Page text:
State energy commissioner’s position given the green light

CARSON CITY — Nevada is getting an energy commissioner to attract alternative energy projects to the state and reduce public and private energy consumption.

The Legislature’s Interim Finance Committee on Thursday approved a plan to pay this commissioner $117,030 a year.

The position and the Renewable Energy and Efficiency Authority, which the commissioner will direct, both will be paid for by $250,000 in reserve funds from the Public Utilities Commission.

The commissioner’s job will be to attract wind, solar and geothermal projects to Nevada and recommend measures to reduce energy consumption.

In addition, he or she will create a database of technological information and financing opportunities that renewable energy companies can utilize.

The commissioner also can approve tax abatements for companies that decide to construct facilities in the state, and identify areas where renewable companies might want to locate in Nevada.

Several legislators questioned whether the salary was sufficient in light of the national effort on developing renewable projects. The commissioner must have a background in professional engineering and be an expert in renewable energy work and on financing energy projects.

Gov. Jim Gibbons will name the energy commissioner, but his appointment will be subject to the approval of the Legislative Commission, a group of 12 legislators who handle nonfinancial legislative business when the full Legislature is not in session.

The authority was created through the passage of Senate Bill 358 and Assembly Bill 522 during the legislative session that ended June 2.

Under the legislation, a New Energy Industry Task Force also will be created to advise the commissioner on measures that could better attract renewable energy companies.

But the commissioner will share responsibility for new energy development with state Energy Director Hatice Gecol. She was given control of the Fund for Renewable Energy, Energy Efficiency and Energy Conservations Loans.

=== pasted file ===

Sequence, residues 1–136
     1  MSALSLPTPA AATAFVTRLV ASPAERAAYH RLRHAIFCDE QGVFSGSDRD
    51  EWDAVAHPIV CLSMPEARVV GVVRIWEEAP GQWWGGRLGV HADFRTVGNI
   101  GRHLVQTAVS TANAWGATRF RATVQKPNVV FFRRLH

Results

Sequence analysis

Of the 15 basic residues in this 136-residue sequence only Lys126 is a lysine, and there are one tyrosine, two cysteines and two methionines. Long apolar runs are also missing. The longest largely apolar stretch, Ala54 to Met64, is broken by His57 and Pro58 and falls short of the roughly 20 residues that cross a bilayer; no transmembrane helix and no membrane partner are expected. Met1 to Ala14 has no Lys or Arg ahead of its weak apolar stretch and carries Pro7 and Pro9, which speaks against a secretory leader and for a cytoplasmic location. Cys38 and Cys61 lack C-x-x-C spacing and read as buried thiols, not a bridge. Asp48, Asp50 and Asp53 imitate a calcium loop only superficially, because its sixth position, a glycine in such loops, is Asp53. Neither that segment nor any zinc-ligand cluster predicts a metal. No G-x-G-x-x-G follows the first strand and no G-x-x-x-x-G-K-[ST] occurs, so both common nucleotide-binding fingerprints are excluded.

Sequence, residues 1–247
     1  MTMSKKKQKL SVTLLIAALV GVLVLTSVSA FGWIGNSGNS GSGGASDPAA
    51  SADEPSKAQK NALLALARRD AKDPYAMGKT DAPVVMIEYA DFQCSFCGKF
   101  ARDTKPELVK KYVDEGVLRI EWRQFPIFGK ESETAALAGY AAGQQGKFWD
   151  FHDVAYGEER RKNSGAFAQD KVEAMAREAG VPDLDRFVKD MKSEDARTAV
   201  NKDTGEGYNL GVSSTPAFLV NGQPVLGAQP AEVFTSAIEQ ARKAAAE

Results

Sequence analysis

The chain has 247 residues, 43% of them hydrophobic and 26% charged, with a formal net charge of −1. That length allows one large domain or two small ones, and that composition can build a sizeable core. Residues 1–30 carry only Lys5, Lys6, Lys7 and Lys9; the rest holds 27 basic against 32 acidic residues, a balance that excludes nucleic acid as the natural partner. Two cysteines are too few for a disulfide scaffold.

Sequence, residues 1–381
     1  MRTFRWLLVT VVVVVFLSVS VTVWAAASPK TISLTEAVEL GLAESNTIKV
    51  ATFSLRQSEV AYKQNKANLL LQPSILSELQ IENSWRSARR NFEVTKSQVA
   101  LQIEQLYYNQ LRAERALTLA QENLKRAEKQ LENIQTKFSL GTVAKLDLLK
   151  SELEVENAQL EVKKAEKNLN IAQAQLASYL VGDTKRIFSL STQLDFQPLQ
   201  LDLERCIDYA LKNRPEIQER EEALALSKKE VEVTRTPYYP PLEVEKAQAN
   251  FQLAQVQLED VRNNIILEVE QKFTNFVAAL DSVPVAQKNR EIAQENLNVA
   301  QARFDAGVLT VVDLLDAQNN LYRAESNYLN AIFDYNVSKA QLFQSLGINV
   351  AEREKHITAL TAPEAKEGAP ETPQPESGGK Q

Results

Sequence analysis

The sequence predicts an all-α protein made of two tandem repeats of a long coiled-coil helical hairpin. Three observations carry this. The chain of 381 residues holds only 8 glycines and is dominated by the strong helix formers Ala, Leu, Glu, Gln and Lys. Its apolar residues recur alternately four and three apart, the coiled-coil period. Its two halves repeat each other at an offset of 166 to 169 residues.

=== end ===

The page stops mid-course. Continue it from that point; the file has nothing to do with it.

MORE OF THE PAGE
Through this fund, the energy director could make 3 percent interest rate loans, with legislative approval, to companies that build renewable projects.

On Thursday legislators complained to Gecol about the delay in the receipt of $34.7 million in federal stimulus fund for energy programs.

Gecol said she has received about 10 percent of the funds, but that money can be used only to hire staff. She heads an office of four people.

She said she hopes to receive an additional 40 percent of the funds in a couple of weeks.

Assembly Speaker Barbara Buckley, D-Las Vegas, warned Gecol that legislators need a work program from her office and a timeline on when the money will be available.

"We have all known about this since March," Buckley said. "Here it is June. Part of the stimulus plan was to get jobs starting right away. These are things our economy needs."

State Budget Director Andrew Clinger said he will work with Gecol and try to secure the stimulus money quickly.

Contact reporter Ed Vogel at evogel @reviewjournal.com or 775-687-3901.

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